March 7, 2024

How Boston Medical Center's Outreach Built Vaccine Confidence in Underserved Communities

Boston Medical Center
Community members getting vaccinated on the opening day vaccination clinic in April 2021 at Roxbury's Twelfth Baptist Church.

The health system's comprehensive communications plan helped 76% of Black and 75% of Latino/a primary care patients get fully vaccinated.

The Bottom Line

Boston Medical Center (BMC) played a critical role in bolstering COVID-19 vaccine access and trust in local Black and Latino/a communities through an intentional, multilingual, and multifaceted campaign. The work may set a model for future public health campaigns, especially in ensuring equity for underserved communities.


Due to historic and systemic racism, Black and Brown communities are often disproportionately affected by poor health outcomes. Further, healthcare systems are less likely to engage with these communities to help narrow these racial health gaps. With COVID-19, in particular, infection, hospitalization, and death rates were disproportionately high among Black and Brown communities, as was vaccine hesitancy. Early in the pandemic, surveys indicated that only 38% of Black people and 53% of Latino/a people planned on getting vaccinated, as compared to 78% of white people.

Study Objective

To build a purposeful communications program as a major component of BMC’s overall COVID-19 vaccine roll-out strategy, and then to test the effectiveness of that program in terms of building trust and creating enthusiasm around the vaccine in historically underserved communities.

The Details

When COVID-19 vaccines first became available in late 2020, BMC collaborated with numerous community partners to effectively roll out vaccinations as well as boost access, addressing the disparate impact of the pandemic on Black and Latino/a individuals as well as in some immigrant communities. Core to that plan was to implement a communications program that would build vaccine confidence and enthusiasm. The program approached the community using an equity lens with a multifaceted and multilingual campaign to provide information, using:

  1. traditional media and social media channels with trusted community messengers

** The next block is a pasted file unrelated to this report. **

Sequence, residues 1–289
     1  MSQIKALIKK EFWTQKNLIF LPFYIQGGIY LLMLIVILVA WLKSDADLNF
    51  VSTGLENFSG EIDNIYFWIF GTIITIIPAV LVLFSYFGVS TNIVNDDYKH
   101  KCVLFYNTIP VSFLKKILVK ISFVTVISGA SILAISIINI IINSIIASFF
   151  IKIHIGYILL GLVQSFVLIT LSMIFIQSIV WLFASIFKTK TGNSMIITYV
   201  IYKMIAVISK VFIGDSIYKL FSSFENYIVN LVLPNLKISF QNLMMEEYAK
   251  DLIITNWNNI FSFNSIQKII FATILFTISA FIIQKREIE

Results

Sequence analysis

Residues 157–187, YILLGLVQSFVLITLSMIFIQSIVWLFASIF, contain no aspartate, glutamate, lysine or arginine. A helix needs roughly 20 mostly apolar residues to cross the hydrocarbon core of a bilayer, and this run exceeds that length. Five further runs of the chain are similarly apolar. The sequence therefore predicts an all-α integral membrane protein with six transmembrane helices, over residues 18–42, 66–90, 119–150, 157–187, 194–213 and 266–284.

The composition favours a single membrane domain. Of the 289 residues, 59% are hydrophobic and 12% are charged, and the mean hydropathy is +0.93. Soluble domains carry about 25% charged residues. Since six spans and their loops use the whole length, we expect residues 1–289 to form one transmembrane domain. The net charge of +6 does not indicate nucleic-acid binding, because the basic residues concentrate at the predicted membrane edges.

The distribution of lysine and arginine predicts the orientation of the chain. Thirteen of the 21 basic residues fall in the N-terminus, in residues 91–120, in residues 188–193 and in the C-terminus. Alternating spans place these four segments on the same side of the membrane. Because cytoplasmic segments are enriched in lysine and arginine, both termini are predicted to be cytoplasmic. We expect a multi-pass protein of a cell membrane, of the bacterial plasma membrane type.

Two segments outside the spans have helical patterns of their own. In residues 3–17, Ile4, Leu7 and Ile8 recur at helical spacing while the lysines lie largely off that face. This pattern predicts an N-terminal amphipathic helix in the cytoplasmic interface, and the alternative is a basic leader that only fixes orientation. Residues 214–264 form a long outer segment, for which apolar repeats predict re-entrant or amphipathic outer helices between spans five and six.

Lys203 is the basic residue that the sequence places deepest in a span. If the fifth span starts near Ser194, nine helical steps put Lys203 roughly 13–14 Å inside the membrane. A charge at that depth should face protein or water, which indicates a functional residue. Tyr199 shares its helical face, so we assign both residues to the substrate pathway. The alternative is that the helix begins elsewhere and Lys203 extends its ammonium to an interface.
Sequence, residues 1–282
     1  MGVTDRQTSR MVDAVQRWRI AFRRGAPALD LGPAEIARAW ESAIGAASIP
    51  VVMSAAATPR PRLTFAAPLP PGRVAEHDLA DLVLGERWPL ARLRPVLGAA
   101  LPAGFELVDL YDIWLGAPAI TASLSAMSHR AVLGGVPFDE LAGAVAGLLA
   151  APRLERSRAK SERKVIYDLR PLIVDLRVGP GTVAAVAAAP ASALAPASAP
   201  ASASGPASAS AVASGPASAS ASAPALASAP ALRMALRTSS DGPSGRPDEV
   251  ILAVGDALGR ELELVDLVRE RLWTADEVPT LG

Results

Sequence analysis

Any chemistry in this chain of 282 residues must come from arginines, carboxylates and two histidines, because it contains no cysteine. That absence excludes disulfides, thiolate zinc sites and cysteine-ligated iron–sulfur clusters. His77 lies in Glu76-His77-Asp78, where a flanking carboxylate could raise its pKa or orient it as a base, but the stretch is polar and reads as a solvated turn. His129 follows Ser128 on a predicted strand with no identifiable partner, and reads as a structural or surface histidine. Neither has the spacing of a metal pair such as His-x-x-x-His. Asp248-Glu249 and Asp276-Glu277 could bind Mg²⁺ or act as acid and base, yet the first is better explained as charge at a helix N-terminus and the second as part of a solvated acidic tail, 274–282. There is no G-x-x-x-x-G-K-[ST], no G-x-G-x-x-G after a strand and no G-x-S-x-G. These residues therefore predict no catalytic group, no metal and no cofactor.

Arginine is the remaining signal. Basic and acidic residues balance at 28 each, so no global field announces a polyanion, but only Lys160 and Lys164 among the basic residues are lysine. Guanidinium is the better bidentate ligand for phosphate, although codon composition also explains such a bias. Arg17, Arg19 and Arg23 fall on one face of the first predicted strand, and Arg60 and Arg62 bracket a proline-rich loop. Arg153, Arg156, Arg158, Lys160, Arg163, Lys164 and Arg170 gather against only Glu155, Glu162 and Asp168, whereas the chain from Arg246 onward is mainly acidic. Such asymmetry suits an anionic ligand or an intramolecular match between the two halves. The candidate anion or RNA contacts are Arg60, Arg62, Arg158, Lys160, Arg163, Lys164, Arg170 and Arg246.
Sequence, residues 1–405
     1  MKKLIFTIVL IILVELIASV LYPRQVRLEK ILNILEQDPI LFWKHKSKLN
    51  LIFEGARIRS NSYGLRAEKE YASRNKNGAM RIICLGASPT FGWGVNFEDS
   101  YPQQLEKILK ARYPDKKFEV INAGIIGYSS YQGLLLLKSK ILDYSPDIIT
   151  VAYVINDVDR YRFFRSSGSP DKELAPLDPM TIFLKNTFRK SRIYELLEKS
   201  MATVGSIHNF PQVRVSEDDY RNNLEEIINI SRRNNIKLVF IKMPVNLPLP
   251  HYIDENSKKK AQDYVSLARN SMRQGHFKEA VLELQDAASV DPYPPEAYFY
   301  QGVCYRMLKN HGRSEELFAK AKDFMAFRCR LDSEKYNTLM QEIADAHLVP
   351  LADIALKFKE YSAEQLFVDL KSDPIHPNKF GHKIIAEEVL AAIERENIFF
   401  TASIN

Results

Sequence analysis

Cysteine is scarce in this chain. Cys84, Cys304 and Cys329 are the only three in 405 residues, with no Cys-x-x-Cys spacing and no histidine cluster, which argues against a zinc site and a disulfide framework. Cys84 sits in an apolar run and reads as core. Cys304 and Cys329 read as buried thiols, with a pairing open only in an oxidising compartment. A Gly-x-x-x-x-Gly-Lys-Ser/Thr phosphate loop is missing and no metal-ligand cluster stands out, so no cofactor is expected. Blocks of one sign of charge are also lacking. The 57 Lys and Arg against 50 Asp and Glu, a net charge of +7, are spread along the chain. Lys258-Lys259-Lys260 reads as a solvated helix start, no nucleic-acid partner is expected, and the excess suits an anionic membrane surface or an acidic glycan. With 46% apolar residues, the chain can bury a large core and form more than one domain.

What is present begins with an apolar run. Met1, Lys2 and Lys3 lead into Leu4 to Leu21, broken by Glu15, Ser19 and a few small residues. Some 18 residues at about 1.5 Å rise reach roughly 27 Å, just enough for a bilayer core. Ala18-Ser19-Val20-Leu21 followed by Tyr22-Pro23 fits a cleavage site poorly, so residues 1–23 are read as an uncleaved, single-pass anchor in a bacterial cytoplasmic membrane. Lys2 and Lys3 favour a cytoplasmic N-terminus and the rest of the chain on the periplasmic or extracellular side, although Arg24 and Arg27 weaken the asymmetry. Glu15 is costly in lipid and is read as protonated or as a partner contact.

2. consistent and accessible core messaging
  3. transparent dialogue
  4. partnerships with state and local health officials


BMC’s vaccination campaign—including its communications program—was able to fully vaccinate a high proportion of its primary care patients, including more than 30,000 Black and Latino/a individuals. The successful communication program showed that reaching people in many languages through a variety of media—including traditional and social media, community conversations where individuals had an opportunity to ask questions, print, and radio—in this case, had a significant impact on vaccination rates. Lessons learned from BMC Health System’s experience in providing innovative and equitable care during COVID-19 could fill an important gap in building trust in Black and Brown patient populations that have historically encountered systemic racism in healthcare.

Pull Quote

“…[B]uilding trust takes time. Leaders and institutions with an existing relationship within the community can be helpful partners for clinicians, particularly among populations that have specific reasons for mistrusting the medical community….Steady progress in vaccination rates was observed by partnering with the community and by providing individuals an opportunity to have their questions answered.”


Assoumou S, et al. (2024). “Boston Medical Center’s Communications Campaign to Build Confidence in COVID-19 Vaccines.” NEJM Catalyst.

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